On days like today, when I have a tendency to look at reviews, royalties, agents, awards, sales, speaking engagements, or any other outward measure of success, I have to pull myself back. They only speak about yesterday’s projects, not today’s.

The only thing that matters TODAY is the current project. And the writing went really well yesterday on my WIP, as I finally started figuring out the tricky POV. The writing is going well! And that is reason enough to throw off the stirrings of depression and rejoice. The writing went well yesterday and it will go well today. Rejoice.

12 Jun

Story Tension

How do you create tension in a story? I’ve been talking with a friend and his gut instinct is to withhold certain information, for example, the exact location of the scene.

Story Tension

In How to Write Science Fiction & Fantasy, Orson Scott Card says that tension is created by withholding “what happens next.” You give the reader specific, interesting information about what is happening at this specific moment and the reader will turn the page to find out what happens next.

My friend, though, says that as a reader, he likes to know more than the characters in the story. So, for example, in a mystery, he doesn’t mind knowing up front who the killer/criminal is. Then, when the killer interacts with another character, as a reader, he enjoys the thrill of knowing something the character doesn’t know. To him, that’s great tension.

Or, he likes to withhold information, such as the location of a scene, to keep the reader guessing for a time about where exactly the story is taking place.

I tend to agree with Card; however, I see my friend’s points for special situations.

How do you see tension played out in a story?

06 May

Starting a Novel with Voice

I’m still looking for a way into a new novel. So, here’s my plan for today: experiment with voice.

Starting with Voice

I’m reading Finding Your Writer’s Voice: A Guide to Creative Fiction by Thaisa Frank and Dorothy Wall. While I don’t like every exercise they suggest, there are some interesting ones.

For my purposes today, Chapter 25 is entitled, “Working with Short Forms to Discover Your Story.” They suggest you write a short piece, just a paragraph or two, each emphasizing a different aspect: character, plot, images, or tone. This should tell me/might tell me what sort of approach to use to the novel I’m planning.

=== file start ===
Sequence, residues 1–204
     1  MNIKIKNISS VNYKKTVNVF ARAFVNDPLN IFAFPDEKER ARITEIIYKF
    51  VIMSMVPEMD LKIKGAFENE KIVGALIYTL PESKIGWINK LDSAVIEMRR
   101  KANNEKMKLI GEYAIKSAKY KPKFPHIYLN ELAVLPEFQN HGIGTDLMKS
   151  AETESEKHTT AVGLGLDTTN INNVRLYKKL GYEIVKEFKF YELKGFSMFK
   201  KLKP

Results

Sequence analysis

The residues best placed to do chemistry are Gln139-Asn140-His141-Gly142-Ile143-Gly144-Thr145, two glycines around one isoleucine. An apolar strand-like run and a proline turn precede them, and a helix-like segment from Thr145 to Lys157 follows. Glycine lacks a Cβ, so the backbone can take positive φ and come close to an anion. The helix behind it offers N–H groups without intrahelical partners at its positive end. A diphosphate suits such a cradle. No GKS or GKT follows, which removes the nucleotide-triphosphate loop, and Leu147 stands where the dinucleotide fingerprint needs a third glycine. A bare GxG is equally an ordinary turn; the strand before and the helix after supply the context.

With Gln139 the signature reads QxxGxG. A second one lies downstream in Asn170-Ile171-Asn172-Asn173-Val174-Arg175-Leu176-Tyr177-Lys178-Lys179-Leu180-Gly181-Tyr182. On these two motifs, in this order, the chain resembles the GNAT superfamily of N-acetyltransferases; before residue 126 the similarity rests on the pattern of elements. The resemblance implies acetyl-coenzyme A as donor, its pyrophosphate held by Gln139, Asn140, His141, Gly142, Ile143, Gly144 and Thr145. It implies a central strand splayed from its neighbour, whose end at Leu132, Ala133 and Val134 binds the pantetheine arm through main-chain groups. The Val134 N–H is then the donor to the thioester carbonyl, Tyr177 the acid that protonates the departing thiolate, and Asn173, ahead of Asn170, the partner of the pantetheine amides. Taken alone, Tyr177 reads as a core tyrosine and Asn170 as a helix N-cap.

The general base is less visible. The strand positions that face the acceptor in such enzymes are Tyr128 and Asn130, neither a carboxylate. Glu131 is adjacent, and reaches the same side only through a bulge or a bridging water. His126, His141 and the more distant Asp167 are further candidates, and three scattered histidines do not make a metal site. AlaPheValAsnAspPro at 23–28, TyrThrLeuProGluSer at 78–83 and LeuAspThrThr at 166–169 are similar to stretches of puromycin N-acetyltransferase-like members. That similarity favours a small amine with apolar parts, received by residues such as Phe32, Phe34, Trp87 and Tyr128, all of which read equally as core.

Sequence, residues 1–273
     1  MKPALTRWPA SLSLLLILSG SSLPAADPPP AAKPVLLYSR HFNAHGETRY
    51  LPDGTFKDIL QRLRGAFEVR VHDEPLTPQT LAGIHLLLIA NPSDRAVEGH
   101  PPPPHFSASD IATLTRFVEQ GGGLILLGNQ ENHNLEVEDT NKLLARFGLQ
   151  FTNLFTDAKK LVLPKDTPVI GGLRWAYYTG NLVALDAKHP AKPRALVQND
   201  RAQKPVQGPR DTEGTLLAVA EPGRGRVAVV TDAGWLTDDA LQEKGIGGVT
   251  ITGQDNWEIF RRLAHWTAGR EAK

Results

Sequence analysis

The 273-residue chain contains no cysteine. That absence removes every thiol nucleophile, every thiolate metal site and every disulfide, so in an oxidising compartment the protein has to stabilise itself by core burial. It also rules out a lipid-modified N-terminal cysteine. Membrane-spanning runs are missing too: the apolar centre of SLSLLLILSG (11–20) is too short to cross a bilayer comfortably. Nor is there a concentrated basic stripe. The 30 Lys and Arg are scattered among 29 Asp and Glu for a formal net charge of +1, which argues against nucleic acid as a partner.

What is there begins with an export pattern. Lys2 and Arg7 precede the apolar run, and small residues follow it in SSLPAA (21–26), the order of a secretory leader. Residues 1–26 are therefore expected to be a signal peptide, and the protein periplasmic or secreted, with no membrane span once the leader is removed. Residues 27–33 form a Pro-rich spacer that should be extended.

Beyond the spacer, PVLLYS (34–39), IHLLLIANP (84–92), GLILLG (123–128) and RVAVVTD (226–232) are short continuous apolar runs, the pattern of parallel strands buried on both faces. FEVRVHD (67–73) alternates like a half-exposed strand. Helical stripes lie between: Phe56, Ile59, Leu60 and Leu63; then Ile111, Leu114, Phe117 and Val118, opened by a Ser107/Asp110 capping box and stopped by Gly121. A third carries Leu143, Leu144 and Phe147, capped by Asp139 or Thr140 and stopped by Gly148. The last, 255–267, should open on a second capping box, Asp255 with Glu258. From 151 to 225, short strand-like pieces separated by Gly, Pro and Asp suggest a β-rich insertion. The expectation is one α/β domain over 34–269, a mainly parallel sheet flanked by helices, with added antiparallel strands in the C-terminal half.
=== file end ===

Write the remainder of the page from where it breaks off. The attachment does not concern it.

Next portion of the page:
• For voice, they give an example from Sandra Cisnernos’, House on Mango Street, talking about a Hispanic neighborhood entirely from a character’s viewpoint. “Those who don’t know any better come into our neighborhood scared.”
  • For plot, there’s a short story by Augusto Monterroso and a prose poem from Danhil Kharms, which they describe as a “tiny Russian novel in a paragraph.” “Once Orlov ate too many ground peas and died.”
  • Short examples of prose imagery from Portugese writer Ana Hatherly are called “tisanas” and feature outlandish imagery that takes surprising leaps. “Once upon a time there was a landscape where there were never any clouds. To make it rain it was necessary to wash the horizon with feathers. (from Tisana #87)
  • For tone, they offer a paragraph from David Ignatow called, “I’m a Depressed Poem.” “You are reading me now and thanks.”

It is interesting to see how the voice of each of these is dominated by what interests the writer the most.

Actually–I have two or three ideas for a new novel, so I may do this for each of the ideas, and see what voice emerges that excites me.

Starting a new novel is hard work!

25 Mar

Narrator’s Voice

I’ve been thinking about the narrators chosen to read various books-on-tape . As I revise my current novel project, I wonder–
who be chosen to read my current WIP? I need suggestions!

The Voice Problem

One of my favorite fantasy titles is Lirael by Garth Nix, the the first book in the Abhorsen Trilogy.

This week, I listened to the audio version of Lirael, as read by Tim Curry. Curry has read about 77 other things listed on Amazon, including many of the Series of Unfortunate Events–Lemony Snickett.

I love Curry’s voice and his reading. But, I can’t imagine him reading my WIP. Wrong voice.

Suggest a Narrator